Chord progressions: How to structure chords in your compositions
If you are wondering how to write a song and don't know where to start your arrangement, chord progressions are the best starting point.
In this article, you will learn what chord progressions are, how to build better progressions, and how to integrate them into your songs.
What are chord progressions?
A chord progression is a sequence of chords that are repeated. In a pop or rock song, one or several chord progressions will usually appear based on the chords of the main key of the song (usually the Major Key or Natural Minor Key).
The chords of a progression are represented by Roman numerals and defined by a scale.
They also play a very important role in the narrative aspect of your songs. A given chord at a given moment in the progression can drastically change the narrative thread of your song, from happy to sad, from light to dark.
A major, minor, or diminished chord has no narrative value if it is isolated. But even simple, repetitive chord progressions have the power to create a complex set of emotions and musical ideas.
With a good progression as a base, other elements of your song-such as the main melody or the bass line-are much easier to create, in large part because of this base.
Even simple, repetitive chord progressions have the power to create a complex set of emotions and musical ideas.
Roman Numbers in Music
Roman numerals are the most commonly used symbols to describe how chords work on each guitar scale. Musical scales are sets of notes built on repeated patterns-such as major and minor.
Good news if you're not a big fan of complicated theoretical concepts: All major and minor scales on guitar have exactly the same repetitive chord sequence.
Simply memorize two sequences, and you'll have an easy way to understand the progressions.
Major scale chords
Let's start with the larger scale chords. As you can see, if you use C major as an example, the progression would look like this:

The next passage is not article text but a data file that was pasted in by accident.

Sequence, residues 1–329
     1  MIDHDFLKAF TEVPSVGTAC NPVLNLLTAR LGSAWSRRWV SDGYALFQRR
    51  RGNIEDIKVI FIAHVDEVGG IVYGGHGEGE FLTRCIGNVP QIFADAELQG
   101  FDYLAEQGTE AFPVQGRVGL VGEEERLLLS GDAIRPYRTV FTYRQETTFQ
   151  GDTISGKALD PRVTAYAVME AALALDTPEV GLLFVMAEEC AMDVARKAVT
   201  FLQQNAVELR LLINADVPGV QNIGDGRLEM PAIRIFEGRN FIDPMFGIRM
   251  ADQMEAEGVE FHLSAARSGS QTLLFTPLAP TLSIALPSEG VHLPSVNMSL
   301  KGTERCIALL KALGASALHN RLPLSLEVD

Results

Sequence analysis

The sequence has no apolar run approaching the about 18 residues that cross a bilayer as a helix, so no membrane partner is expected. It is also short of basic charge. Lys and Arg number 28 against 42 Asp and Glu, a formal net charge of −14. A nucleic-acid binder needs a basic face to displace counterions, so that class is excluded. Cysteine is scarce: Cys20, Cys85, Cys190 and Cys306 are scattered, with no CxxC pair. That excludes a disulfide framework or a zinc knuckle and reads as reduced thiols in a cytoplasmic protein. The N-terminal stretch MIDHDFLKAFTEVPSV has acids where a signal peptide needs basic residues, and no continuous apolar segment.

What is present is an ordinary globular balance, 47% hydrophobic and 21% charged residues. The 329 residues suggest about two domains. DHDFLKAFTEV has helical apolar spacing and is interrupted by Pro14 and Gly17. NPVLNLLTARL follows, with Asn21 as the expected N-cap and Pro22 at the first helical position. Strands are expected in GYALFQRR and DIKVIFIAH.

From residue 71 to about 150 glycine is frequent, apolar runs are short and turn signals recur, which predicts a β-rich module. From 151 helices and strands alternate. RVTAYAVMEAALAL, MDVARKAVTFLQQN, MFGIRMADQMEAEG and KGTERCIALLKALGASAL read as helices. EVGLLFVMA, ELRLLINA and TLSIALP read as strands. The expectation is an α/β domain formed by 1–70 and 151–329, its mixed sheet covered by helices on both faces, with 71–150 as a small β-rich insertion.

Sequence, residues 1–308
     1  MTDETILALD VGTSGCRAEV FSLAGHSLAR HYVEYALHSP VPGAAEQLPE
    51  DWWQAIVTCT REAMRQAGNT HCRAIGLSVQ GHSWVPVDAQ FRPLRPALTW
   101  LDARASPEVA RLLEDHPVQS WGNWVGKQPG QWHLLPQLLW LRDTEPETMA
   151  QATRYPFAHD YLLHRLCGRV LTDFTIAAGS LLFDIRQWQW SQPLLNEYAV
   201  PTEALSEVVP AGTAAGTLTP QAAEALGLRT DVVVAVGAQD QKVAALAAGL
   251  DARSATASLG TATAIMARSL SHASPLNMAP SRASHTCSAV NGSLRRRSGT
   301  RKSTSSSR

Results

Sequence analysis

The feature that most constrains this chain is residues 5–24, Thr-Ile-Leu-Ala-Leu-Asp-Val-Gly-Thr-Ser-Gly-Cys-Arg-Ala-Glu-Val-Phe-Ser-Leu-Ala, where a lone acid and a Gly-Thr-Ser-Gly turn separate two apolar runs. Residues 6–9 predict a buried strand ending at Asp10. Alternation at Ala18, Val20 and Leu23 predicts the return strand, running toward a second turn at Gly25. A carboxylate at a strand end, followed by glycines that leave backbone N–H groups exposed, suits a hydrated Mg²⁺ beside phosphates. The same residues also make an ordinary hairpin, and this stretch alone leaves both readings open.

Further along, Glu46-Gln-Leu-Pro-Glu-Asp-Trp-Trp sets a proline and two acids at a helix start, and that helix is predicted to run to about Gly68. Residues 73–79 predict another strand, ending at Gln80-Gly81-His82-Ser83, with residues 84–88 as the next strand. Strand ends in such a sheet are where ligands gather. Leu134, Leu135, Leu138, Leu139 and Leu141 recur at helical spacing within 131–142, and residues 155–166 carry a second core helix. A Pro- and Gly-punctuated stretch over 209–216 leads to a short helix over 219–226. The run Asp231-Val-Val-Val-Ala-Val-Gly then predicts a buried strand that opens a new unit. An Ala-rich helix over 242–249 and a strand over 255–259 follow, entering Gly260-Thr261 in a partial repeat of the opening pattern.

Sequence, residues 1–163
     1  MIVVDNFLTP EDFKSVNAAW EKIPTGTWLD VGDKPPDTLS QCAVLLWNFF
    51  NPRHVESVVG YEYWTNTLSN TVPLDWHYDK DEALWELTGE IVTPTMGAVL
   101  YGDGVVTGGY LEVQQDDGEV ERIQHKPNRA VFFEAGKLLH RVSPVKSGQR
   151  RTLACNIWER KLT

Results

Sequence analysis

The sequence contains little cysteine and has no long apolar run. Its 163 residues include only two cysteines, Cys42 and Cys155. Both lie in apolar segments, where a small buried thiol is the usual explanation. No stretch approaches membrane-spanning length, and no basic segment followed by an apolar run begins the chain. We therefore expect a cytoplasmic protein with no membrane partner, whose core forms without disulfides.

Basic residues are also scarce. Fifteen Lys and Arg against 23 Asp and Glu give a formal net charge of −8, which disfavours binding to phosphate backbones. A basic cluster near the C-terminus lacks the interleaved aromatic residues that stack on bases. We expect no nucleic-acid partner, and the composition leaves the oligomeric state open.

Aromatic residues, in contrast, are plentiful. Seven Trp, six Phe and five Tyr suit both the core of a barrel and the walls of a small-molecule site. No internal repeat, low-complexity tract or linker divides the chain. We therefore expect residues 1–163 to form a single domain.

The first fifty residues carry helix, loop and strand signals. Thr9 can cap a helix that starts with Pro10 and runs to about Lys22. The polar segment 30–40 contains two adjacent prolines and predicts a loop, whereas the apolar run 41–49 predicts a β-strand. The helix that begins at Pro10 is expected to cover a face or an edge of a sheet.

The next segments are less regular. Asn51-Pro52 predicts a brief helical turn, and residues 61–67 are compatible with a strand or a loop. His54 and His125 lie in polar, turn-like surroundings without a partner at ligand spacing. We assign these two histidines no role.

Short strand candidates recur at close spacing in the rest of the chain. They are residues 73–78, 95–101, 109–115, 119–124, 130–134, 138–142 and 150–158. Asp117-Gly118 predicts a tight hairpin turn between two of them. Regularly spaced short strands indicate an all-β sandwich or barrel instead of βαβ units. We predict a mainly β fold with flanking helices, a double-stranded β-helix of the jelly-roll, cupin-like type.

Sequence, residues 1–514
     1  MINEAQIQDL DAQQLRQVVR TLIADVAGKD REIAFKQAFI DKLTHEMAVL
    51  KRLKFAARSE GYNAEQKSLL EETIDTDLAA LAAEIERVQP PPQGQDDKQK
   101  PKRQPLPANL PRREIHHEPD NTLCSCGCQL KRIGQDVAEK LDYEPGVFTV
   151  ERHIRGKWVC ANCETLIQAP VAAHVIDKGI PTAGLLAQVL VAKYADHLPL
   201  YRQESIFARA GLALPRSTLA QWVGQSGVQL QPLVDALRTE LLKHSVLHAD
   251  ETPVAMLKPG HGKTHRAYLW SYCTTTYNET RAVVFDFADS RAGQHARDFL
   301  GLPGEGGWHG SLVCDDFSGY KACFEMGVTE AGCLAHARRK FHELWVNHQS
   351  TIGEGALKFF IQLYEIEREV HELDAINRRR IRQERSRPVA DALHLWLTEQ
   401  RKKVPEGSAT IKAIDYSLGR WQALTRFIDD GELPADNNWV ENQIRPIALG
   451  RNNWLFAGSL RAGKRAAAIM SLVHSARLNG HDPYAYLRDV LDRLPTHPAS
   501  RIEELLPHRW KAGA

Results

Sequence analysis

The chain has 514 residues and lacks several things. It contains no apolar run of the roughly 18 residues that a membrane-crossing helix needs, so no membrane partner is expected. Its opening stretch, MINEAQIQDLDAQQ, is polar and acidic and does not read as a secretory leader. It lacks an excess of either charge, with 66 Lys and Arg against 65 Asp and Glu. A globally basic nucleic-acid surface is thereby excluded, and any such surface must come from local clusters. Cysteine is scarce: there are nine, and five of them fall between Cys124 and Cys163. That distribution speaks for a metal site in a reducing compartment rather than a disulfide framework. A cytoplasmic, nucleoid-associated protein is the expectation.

This example shows chords in the C scale, but this group of chords is in any other major scale.
Capitalized Roman numerals such as I, IV and V represent the major chords. Lower-case Roman numerals like i, iv, and v represent the minor chords, and the last one, also in lower case, with the circle, represents a diminished chord.
Minor scale chords
The sequence of Roman numerals in the minor scale is as follows:
Let's use A minor this time. Your chord progression in A minor would be as follows:
The sequence of minor chords has the same types of chords as the minor ones but in a different order.
Popular chord progressions in music
Certain chord progressions, such as the 12-bar blues, are very common in popular music.
The twelve-bar blues chords are I, IV, and V, and everyone from punk bands to jazz composers have used them in their compositions.
There is also this chord progression: I-V-vi-VI. You can hear it in "Let It Be" by The Beatles.
How to use the chord progressions in your songs First Steps
Depending on the style of music you create, your chord progressions can range from simple, repetitive, and predictable to complex and erratic.
This is not common, but there are many songs built with only two chords. If you are new to composition, start by building a progression with two or three chords.
The only way to compose something that really works is to give yourself the time and freedom to explore the connections between chords. Use the tables above and build your progressions according to their sound. There are no strict rules for progressions. It all depends on your ear.
Expand your progressions
This article serves to learn how to understand chord progressions in the same scale and as a starting point for composing.
Once you understand the basics, try experimenting with scale changes and chord variations on your own.
Theory is very helpful in explaining why music works the way it does, but nothing can replace the power of musical intuition in your own ears.